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them could not witness this fact. The Apostles were blessed with extraordinary gifts of healing and of tongues : which among those who call themselves their successors possess these? On supposition, therefore, that the Apostles had possessed the power to forgive sin, it would no more follow that their successors possess the same power, than it would, that because the Apostles cast out devils, spake with tongues, took up serpents, and drank deadly things without being hurt, and laid their hands on sick people and healed them, therefore the present race of Priests can do the same. When, like the Apostles, they perform these things, you may listen to their pretensions to the power of absolution ; but till they give you evidence that they can do the less, never for a moment believe that they can do the greater, work. If they cannot remove a pimple, you may depend upon it they cannot cure the plague.

O'Brien. Then, Sir, what would you advise me to do?

Peter. Follow the counsel which St. Paul gave to the Philippian jailer : “ Believe in the Lord Jesus Christ, and thou shalt be saved." Trust in him, as the Ephesians did, (chap. i. 13,) and, like them, you shall obtain “redemption through his blood, the forgiveness of sin.” To rely on your Priest, a poor sinner who needs mercy as much as any other wretch, is the extreme of folly and madness. It is leaning on a broken reed, or rather on a pointed spear, which will pierce you to the heart. It is an opiate which sleeps the sinner to death, and plunges his wretched and deluded spirit into perdition. Absolved by the Priest, but condemned by God, he will to eternity execrate those deceivers and destroyers of the simple, whilst he shall eternalize this awful truth : “ Cursed is the man that trusteth in man, and maketh flesh his arm."




Melancthon and O'Leary.

O'Leary. Have you heard the news, Melancthon?

Melancthon. What news, O'Leary?

O'Leary. Why, that which at present rings through all Ireland, that Lords and gentlemen, and Church Parsons, and Presbyterians, and Swadlers, with other heretics, have established what they call Reformation Meetings, for the purpose of overturning the Holy Catholic Apostolic Church.

Melancthon. I hope, O'Leary, for the honour of our country, that the report is false, and that we have neither Lords nor Parsons bad

among us, as to attempt to do so wicked a thing



O'Leary. But indeed it is too true.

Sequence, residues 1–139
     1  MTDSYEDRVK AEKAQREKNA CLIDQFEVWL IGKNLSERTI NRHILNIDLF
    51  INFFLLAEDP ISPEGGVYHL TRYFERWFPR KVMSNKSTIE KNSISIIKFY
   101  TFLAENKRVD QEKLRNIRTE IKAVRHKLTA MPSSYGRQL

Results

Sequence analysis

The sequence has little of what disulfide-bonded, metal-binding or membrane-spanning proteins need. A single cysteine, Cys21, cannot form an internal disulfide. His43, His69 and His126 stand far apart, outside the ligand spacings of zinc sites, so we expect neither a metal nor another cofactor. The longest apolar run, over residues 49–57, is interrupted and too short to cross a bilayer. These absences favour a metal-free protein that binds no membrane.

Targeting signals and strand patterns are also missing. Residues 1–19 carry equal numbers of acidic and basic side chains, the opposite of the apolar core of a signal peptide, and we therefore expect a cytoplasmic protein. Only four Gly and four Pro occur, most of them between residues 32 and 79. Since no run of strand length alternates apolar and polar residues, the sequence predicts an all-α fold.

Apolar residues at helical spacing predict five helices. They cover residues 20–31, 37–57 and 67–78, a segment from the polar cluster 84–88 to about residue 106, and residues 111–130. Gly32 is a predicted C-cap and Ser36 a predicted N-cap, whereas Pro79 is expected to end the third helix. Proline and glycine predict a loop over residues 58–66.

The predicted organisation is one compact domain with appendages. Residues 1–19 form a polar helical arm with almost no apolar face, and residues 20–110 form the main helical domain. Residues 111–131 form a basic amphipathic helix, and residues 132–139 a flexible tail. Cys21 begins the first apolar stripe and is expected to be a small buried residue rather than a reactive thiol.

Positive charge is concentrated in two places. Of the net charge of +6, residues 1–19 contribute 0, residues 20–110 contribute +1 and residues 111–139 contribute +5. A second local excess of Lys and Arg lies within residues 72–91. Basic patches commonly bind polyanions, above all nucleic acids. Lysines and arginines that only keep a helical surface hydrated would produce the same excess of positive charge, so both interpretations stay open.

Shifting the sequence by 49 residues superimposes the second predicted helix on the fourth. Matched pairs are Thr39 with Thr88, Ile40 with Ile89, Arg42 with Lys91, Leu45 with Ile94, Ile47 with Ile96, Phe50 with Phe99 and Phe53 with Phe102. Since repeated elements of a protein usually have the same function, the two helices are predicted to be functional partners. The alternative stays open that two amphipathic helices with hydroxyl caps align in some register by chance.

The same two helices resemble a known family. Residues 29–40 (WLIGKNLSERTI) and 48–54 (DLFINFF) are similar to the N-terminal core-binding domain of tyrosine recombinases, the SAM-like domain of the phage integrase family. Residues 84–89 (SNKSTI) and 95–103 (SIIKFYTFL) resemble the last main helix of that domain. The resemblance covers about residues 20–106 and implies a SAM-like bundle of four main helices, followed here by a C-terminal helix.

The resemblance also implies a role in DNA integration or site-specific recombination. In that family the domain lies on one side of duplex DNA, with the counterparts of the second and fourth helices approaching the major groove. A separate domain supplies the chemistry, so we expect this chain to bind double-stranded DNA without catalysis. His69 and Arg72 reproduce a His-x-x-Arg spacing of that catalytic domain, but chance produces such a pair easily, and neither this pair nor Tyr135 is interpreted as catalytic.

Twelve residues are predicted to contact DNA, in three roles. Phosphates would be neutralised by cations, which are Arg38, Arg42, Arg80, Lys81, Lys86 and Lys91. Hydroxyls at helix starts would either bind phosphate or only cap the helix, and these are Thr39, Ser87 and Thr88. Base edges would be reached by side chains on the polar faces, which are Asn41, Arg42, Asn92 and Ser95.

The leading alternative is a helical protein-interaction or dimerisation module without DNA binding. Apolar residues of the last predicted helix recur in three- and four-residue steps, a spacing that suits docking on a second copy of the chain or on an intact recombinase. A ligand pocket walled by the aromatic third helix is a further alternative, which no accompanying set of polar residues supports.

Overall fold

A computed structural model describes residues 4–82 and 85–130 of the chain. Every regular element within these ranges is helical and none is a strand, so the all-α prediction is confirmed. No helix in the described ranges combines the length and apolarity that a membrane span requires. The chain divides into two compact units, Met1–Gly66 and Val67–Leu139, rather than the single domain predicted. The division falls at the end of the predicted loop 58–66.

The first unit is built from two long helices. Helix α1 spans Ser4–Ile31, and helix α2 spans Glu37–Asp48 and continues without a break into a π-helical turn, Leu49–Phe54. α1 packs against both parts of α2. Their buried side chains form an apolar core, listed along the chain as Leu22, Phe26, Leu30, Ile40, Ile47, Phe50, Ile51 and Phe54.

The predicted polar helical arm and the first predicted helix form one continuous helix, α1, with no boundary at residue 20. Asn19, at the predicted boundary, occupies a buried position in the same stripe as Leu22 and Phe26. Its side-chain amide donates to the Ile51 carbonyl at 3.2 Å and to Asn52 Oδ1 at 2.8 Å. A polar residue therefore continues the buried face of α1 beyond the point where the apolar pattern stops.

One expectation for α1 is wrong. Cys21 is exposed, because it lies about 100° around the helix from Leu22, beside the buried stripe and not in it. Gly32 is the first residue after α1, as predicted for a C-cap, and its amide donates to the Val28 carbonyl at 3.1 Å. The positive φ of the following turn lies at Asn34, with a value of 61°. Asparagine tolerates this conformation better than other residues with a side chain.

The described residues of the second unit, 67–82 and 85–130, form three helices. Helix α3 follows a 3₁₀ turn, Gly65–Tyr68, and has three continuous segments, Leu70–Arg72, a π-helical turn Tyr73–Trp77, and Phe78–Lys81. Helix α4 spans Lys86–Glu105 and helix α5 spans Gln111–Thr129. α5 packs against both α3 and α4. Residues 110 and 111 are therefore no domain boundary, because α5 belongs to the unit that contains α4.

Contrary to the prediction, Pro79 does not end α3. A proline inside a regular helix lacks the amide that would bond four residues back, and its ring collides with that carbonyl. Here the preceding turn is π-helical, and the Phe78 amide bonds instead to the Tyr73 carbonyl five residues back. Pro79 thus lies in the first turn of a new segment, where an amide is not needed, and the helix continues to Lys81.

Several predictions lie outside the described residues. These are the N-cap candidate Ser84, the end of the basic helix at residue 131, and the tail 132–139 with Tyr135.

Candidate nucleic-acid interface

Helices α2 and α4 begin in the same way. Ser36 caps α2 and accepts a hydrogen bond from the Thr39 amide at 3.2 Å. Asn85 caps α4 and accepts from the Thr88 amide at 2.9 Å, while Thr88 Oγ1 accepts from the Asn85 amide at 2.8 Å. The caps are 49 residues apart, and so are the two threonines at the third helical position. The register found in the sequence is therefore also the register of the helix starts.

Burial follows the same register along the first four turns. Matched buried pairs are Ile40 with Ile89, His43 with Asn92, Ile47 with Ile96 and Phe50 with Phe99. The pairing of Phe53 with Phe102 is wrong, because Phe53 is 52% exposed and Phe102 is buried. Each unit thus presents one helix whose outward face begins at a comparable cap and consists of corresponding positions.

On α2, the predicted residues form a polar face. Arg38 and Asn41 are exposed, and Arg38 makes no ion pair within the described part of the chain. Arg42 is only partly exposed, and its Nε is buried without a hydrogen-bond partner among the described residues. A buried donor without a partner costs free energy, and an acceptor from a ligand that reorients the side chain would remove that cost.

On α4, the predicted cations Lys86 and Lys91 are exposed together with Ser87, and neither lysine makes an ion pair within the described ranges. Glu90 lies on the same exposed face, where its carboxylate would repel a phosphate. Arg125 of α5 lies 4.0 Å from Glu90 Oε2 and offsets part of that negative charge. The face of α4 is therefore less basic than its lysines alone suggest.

Melancthon. How do you know it to be true ? Have



of those meetings? Or from whom have you obtained your information ?

O'Leary. I attended! No, indeed, not I; I would rather live upon fish and potatoes from Shrove-Tuesday till Easter-Sunday, than be found in such company, for such a purpose.

I received my information from Father O'Flaherty, a man of strict veracity, and on whom I cán therefore confidently rely.

Melancthon. I suspect there is some mistake in the case.

Did not the Father say, that their object was to overturn the Roman Catholic Church?

O'Leary. Indeed I believe he did say so: but that, you know, is the same as if he had said, the Holy Catholic Apostolic Church.

Melancthon. Not exactly so: in some particulars they agree, but in many others they do not. Take the holy Catholic Church, and the Roman Catholic Church, and compare them, and you will find little more resemblance between them, than between a cage of unclean birds, and a royal palace.

O'Leary. Sir, I maintain that there is no difference; and that there is no other church on earth, but the Roman Catholic Church; and that all who are not within her pale, are under

God's curse, and, if they die in their heresy, will infallibly be damned.

Melancthon. Gently, O'Leary; don't breathe threatenings and slaughter against your Protestant neighbours. You know, O'Leary, many of them joined in petitioning Parliament for your emancipation.

O'Leary. I know they did, and I thank them for it. I would give the devil his due ; but for all that, he is still the devil; and, by holy St. Dunstan, if I had it in my power, I would serve every heretic in the world as that blessed saint served the adversary, when he attacked his chastity. I would take them by the nose with a pair of red hot pincers.

Melancthon. That would be hot work, O'Leary. I perceive you are of the true Roman Catholic breed, and of the most ancient religion in the world.

O'Leary. Yes, your honour, I am indeed. All other religions are mere mushroom religions; but ours is the majestic oak, which has flourished from the beginning.

Melancthon. The great ANTIQUITY of your religion, O'Leary, cannot be denied.

O'Leary. Your honour rejoiceth my very soul. I consider this admission to be a great step towards your honour's conversion to the true faith. Your honour is a learned gentleman; and therefore you will not deny that our

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